In Paulus, the Court of Appeal found that there was a reasonable basis for plaintiffs' counsel's submission that the witness was “independent”, and that this submission was made in good faith. It was reasonable for plaintiffs' counsel to opine that the relationship between the plaintiffs and the witnesses was independent, especially since he was unaware of the exact nature of this relationship prior to the pretrial. There was also no evidence that his submissions were not made in good faith, as they were consistent with his previous statements that qualified the witnesses as independent.

The Court of Appeal commented as well that the defence lacked the requisite diligence to have the Court set the settlement aside. For example, counsel did not inquire about the witnesses at discovery and agreed to settle despite having concerns about the witnesses' partiality prior to the pretrial conference. The Court of Appeal reminded counsel that “a losing party who seeks to set aside a judgment on account of fraud must establish due diligence on his or her own part, and that the questions to be asked are what did the moving party know, and what ought the moving party to have known”.8 The motion judge's order was set aside, and a cost award of $100,000 was given to the appellants.

Conclusion and Implications

...lawyers are permitted to opine on issues that are open to debate or have infinite variations between two opposing extremes...

Though most unfortunate for the defendant (and the Insurer) in this case, it should be viewed as a welcome development from a professional liability standpoint. The Court of Appeal reaffirmed the Law Society of Ontario's desire to preserve a lawyer's practice and reputation through the recognition that a finding of civil fraud would devastate one's career. In addition, this decision stated in no uncertain terms that lawyers are permitted to opine on issues that are open to debate or have infinite variations between two opposing extremes,9 and should do so without fear of repercussion. However, it is important to note that lawyers can still be held responsible for civil fraud (for example, a lawyer who forges evidence). As such, lawyers must continuously exercise some caution as not outright deceive the Court or opposing counsel.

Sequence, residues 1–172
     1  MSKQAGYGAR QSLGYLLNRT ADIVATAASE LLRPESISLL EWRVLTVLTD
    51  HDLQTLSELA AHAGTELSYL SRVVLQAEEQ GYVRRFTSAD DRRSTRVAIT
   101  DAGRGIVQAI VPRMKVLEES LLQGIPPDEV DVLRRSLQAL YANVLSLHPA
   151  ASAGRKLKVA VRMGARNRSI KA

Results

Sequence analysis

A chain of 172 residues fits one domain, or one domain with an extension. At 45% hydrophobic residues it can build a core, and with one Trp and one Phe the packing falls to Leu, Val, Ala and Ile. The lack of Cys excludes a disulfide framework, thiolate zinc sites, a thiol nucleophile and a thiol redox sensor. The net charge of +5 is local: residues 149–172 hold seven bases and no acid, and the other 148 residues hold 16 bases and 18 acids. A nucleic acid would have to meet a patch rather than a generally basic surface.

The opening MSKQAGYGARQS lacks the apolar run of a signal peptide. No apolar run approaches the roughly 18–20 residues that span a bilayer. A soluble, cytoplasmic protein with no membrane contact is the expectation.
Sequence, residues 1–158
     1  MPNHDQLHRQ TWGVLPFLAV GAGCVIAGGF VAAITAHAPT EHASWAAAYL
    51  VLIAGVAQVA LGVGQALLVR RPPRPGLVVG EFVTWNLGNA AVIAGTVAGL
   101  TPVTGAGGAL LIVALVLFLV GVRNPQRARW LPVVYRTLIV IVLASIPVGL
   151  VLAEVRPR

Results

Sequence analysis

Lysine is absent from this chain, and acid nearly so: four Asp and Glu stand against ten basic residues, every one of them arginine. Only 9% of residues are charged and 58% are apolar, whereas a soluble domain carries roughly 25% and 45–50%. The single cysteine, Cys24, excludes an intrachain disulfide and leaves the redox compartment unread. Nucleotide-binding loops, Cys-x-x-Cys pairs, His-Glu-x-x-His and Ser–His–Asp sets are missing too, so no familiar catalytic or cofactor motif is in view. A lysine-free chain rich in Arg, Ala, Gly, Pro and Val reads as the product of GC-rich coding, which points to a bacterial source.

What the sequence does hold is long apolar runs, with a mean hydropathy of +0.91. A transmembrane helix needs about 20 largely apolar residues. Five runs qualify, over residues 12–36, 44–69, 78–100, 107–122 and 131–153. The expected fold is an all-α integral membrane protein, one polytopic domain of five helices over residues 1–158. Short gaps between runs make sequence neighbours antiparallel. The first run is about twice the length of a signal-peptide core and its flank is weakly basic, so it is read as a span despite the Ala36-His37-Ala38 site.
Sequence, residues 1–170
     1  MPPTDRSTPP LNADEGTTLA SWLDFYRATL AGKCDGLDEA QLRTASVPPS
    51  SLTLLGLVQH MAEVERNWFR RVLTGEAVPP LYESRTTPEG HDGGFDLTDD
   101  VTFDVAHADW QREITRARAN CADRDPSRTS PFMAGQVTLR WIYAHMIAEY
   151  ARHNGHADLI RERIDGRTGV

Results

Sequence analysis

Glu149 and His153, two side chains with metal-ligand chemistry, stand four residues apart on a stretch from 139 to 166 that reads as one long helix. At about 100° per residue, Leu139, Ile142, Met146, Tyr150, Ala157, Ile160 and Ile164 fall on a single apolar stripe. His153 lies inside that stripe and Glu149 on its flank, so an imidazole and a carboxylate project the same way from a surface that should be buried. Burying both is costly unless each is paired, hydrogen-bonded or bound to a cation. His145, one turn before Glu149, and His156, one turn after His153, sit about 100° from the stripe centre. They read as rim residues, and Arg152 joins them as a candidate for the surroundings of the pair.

This is also a cautionary tale for all lawyers looking to settle a matter. The Court implored counsel to exercise due diligence in handling their matters and delay settlement if they have any concerns with regards to their case. Such due diligence includes a thorough investigation of the claim, especially with respect to any disclosure produced by opposing counsel. Simply relying on opposing counsel's representations may expose the lawyer to an array of undesirable consequences, not the least of which is an unhappy client. Paulus demonstrates that repudiating a settlement is quite difficult, and so it's critical that lawyers cover all their bases before reaching a final agreement. Lawyers should thoroughly investigate all witness statements and conduct the necessary background searches if heavy reliance is going to be placed on their anticipated testimony at trial.

Finally, the decision is also a welcome development for all parties and litigants that engage in settlement discussions prior to trial. Parties must know that absent truly extenuating circumstances, settlement agreements will be valid and enforceable. The confidence in the settlement process outside of Court is fundamental to ensuring that the wheels of justice do not screech to a complete halt and cost litigants even more than the process already does.

As the saying old saying goes, don't believe everything you hear... there are three sides to every story.


  1. 2018 ONCA 1072.
  2. Ibid at para 14.
  3. Ibid at para 1.
  4. Midland Resources Holding Limited v Shtaif, 2017 ONCA 320 at para 162.
  5. 2018 SCC 27.
  6. Supra note 1 at para 26.
  7. Ibid at para 84.
  8. International Corona Resources Ltd v LAC Minerals Ltd (1988), 66 OR (2d) 610 at pp 622-623.
  9. Supra note 1 at para 24.